I know that a 1/2 body might not be that hard to clear. After all, virtually every removal spell in the format can kill it, and most decks will have access to some number of removal spells to deal with creatures. That’s just how Standard works. But imagine if every opponent is forced to choose between killing your 4/5 or your 1/2 creature. Dinosaurs, like most creature-based decks before it, usually does a great job of overloading your opponent’s removal spells. And if your two-drop creature requires a removal spell for fear of overwhelming the opponent, then I think we’ve hit the jackpot.
It is rare that a mana accelerator becomes a reasonable threat as the game progresses. If you’re curving out naturally and don’t actually need the extra mana, then Drover of the Might can start attacking on the third turn for large chunks of damage. Additionally, Drover of the Mighty allows for the lopsided draw of a three-drop Dinosaur plus Savage Stomp. And if you don’t think Savage Stomp is the real deal, I’ve got some bad news for you.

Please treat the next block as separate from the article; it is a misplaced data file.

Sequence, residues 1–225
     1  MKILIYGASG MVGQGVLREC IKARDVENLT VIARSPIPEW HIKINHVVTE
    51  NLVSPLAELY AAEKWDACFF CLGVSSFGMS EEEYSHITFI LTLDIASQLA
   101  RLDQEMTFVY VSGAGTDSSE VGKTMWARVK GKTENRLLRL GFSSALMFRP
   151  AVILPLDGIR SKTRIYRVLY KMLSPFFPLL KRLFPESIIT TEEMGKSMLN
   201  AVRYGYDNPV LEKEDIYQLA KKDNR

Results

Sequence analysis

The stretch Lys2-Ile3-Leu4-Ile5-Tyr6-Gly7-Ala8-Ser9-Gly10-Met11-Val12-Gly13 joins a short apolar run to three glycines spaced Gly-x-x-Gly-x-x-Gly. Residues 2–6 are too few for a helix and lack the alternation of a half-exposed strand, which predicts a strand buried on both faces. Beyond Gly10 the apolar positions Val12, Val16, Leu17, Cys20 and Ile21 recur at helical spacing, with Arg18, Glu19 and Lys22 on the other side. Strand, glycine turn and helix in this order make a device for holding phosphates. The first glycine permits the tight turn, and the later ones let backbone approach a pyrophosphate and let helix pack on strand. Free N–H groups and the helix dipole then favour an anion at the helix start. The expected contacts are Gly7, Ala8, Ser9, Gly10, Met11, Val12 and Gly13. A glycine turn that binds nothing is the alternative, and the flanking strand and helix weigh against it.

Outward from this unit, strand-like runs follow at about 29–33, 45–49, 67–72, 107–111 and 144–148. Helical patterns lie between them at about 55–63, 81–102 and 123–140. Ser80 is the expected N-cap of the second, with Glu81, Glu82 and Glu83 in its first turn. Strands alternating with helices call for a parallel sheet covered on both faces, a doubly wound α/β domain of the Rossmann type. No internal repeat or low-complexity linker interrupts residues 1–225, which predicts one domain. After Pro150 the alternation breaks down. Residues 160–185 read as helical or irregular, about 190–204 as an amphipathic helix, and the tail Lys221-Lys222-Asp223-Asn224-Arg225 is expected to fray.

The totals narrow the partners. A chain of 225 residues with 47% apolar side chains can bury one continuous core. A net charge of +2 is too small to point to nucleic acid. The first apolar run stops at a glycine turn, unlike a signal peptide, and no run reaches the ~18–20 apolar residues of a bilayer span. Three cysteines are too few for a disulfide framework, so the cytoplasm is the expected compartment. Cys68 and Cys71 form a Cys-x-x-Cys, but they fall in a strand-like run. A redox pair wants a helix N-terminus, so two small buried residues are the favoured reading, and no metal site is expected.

Is this card just Prey Upon with some pizazz? Maybe, but I also think that cards that say “fight” are wildly underrated. In the current Standard format, it is rare for your opponent to never tap out on their own turn. And when they do, Savage Stomp becomes a huge tempo boost. The +1/+1 counter is a big deal on cards like Carnage Tyrant, but the fight ability is also pretty sweet with Ripjaw Raptor.
While Savage Stomp won’t be winning any awards for best removal spell in the format, I do think it deserves to see some play. The Dinosaurs are just bigger, on average, than the rest of the creatures in Standard. And for only one mana, Savage Stomp is one heck of a deal.
I wanted to take a moment to look at this card and see just how good or bad it might be in a Dinosaur deck. Since it came out at the last minute, not a lot of people have had a chance to talk about it, but I think it deserves some recognition.
What Deathgorge Scavenger brings to the table is a fluid way to interact with graveyards, gain life, and generate a solid battlefield presence. While it can’t add mana to your mana pool, all those other abilities make it sound a lot like Deathrite Shaman. Of course, this card isn’t Deathrite Shaman, but instead it acts a lot like a Kitchen Finks that consistently exiles cards from your opponent’s graveyard. For three mana, that’s quite a lot of text.